GeekPlanetOnline Reviews

Matthew Cavanagh looks at a fantasy novella with a fresh spin on the traditional.


Spiderlight by Adrian Tchaikovsky


Spiderlight • Publisher: Tor • RRP: £8.99 • Author: Adrian Tchaikovsky • Published:  2016-08-02


The Church of Ames of the Light has battled the Forces of Darkness for as long as anyone can remember. The great prophecy has foretold that a band of misfits, led by a high priestess will defeat the Dark Lord Darvezian, armed with their wits, the blessing of the Light and an artefact stolen from the merciless Spider Queen.

Their journey will be long, hard and fraught with danger. Allies will become enemies; enemies will become allies. And the Dark Lord will be waiting, always waiting.


The above introduction in some ways sounds as one that could apply to one of, ooh say a zillion fantasy novels post Tolkien, it even has Dark Lord capitalised. But I urge you to stay a little while and note that this is a tale from Clarke-nominated author Adrian Tchaikovsky, an author I never find boring but always innovative and hopefully you will find it well worth taking your time to read a novella that challenges the binary nature of fantasy.

On a simple level the plot is one we know and love. A priestess, two warriors, a thief and a wizard have finally found out a way to defeat the latest Dark Lord to take over the world and bring the Light back to the people of the world. There is of course a quest and a journey (no map included) but our band of heroes lose their certainty over so much when they come across Giant Spiders.

In particular, for this scheme to work they need to form an alliance with one of the oldest Spider tribes and because people may look with suspicion on a group of travellers with a Giant Spider in tow (could happen) the wizard has a brilliant idea to transform the ‘volunteer’ into a humanoid Spider. The party has Enth who looks human if you don’t count his eyes and can ignore his fangs.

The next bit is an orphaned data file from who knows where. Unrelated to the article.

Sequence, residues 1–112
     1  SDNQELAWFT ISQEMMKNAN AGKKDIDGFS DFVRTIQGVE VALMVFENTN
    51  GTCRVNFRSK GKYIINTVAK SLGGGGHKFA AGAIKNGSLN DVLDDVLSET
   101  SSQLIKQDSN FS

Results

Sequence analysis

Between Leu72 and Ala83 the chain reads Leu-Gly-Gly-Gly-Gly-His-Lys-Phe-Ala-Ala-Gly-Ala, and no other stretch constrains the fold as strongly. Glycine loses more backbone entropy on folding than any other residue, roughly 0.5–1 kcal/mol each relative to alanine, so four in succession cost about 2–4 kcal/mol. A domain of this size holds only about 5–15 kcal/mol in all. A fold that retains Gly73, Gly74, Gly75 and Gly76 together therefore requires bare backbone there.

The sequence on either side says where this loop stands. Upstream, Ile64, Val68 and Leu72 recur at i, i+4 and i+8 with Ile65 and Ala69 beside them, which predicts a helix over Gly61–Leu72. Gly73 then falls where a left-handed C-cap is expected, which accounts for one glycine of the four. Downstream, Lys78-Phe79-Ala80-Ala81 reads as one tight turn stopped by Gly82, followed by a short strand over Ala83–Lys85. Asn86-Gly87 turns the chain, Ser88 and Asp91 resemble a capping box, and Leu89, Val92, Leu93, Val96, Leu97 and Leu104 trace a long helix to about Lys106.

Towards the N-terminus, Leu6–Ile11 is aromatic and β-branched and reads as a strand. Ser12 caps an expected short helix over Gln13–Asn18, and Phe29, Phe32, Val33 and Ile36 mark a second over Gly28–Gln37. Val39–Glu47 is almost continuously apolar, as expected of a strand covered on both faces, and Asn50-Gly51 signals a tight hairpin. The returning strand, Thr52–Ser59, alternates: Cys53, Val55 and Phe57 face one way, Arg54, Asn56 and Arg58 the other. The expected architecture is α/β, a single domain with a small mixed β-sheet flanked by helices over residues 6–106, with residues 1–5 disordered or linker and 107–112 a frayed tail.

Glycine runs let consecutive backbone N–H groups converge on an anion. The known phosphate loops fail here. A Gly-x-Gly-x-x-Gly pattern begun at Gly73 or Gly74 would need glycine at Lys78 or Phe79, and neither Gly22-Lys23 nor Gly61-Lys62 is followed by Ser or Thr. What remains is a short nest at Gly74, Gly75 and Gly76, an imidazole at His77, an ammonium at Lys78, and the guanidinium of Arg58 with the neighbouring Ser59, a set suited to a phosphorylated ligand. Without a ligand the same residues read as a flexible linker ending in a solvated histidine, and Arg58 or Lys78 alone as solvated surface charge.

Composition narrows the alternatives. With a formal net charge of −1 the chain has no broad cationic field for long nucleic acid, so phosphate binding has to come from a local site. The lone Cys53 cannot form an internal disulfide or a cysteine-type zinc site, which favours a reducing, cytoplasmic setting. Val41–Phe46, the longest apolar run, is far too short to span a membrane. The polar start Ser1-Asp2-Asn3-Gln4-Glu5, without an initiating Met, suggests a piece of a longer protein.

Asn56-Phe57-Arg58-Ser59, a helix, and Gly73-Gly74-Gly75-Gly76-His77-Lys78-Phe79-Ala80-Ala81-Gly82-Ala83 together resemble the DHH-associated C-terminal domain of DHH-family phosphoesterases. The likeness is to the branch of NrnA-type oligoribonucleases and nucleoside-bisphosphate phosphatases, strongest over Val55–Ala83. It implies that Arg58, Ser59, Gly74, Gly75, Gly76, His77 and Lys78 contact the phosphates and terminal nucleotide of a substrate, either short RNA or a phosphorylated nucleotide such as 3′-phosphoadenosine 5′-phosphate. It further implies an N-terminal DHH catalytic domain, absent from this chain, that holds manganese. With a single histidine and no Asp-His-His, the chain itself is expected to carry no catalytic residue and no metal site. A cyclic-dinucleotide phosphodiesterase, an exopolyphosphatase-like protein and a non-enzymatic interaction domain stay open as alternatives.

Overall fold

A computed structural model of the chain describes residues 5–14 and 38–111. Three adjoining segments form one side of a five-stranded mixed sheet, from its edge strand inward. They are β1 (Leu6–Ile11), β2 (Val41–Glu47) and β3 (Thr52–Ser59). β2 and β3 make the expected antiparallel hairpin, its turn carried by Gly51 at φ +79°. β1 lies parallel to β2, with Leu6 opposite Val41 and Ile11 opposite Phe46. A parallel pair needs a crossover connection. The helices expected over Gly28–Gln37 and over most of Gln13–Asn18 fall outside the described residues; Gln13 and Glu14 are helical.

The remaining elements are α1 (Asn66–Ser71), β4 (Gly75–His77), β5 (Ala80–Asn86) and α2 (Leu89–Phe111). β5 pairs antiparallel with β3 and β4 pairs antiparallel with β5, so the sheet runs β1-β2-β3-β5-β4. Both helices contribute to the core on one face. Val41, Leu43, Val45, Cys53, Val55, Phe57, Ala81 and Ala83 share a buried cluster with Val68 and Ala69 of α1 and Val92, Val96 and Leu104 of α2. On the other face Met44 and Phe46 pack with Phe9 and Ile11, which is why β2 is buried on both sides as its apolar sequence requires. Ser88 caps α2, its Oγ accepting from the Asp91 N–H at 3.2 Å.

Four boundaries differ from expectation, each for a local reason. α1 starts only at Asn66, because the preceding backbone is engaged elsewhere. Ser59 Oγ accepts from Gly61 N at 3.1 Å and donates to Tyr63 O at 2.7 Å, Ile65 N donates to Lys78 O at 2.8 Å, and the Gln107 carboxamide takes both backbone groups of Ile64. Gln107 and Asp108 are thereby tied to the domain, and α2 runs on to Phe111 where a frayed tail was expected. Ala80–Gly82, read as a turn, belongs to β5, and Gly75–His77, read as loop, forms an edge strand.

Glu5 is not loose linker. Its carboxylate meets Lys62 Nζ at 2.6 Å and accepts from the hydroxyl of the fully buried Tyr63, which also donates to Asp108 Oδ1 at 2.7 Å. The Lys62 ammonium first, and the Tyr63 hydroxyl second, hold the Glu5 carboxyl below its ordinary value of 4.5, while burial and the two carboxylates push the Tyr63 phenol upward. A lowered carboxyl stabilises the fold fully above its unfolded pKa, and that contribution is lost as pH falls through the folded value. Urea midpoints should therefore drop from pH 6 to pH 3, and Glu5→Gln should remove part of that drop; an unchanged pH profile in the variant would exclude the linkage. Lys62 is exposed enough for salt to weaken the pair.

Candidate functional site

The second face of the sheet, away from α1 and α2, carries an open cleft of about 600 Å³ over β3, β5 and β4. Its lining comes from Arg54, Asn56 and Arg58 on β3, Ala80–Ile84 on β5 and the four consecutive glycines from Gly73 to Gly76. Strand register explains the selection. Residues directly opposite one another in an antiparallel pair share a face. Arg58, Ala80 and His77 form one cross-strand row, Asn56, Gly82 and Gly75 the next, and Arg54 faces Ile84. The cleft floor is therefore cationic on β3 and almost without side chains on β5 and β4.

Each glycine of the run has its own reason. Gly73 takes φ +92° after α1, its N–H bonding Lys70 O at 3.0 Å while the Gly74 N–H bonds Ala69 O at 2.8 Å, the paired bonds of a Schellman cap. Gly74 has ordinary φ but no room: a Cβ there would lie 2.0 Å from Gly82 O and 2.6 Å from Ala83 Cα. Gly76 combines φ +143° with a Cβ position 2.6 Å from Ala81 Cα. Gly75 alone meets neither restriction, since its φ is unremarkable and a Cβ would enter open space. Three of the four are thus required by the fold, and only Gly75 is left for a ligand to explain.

Enth is a brilliant way for us to get to know the characters and the world we then move around in. He is a person who does not now belong to either world and looks at everything afresh. Initially all of the wandering group view him as a tool and one with a considerable amount of suspicion as Spiders firmly belong to the Dark. But each member of the team has to start to ask themselves why exactly is he hated? This is very much a tale of moral certainty in fantasy being questioned. Should we not challenge things that history tells us? Just because the evil things are done for a good cause does that make the Light right?

The novella does a very good job of quickly introducing our central squad of characters. We have Dion the Priestess – although armed with mighty power she constantly feels she is not up to the task. Alongside her is Harathes, one of the Ames’ greatest priests who sees all in black and white and fights alongside Cyrene, who wants to atone for past misdeeds (and is getting fed up of being objectified by most men she meets). The team are aided by Penthos, a mighty wizard who has many motives for helping the troupe and Lief, the cunning thief forced to help rather than a willing volunteer. Each of these characters will find Enth challenges their preconceptions and how they react to and then interact with the wider group changes. It’s a very modern look at morality and works really well.

Readers too will find their reactions questioned. Two battles with monsters bookend the story and while you may react to one with triumph you may feel less enthusiastic as you start to understand how Enth sees the world. The story is not saying good = evil but it does recognise that lives are on the line and our own biases may shape those decisions. For me a good story is one that makes you think long afterwards and changes how you read books in the future. This is one of those tales.

In the last year Adrian Tchaikovsky has successfully tackled gunpowder fantasy in the excellent Guns of the Dawn and the excellent First Contact/Generation Starship crossover in Children of Time (nominated for the Clarke Award). In this Tor Novella Tchaikovsky has looked at the traditional quest story and again given it a modern overhaul to make it a very engaging read. I just hope more tales in this world can be spun.




Listen to the time that Adrian visited Emma Newman's tea lair in Tea and Jeopardy.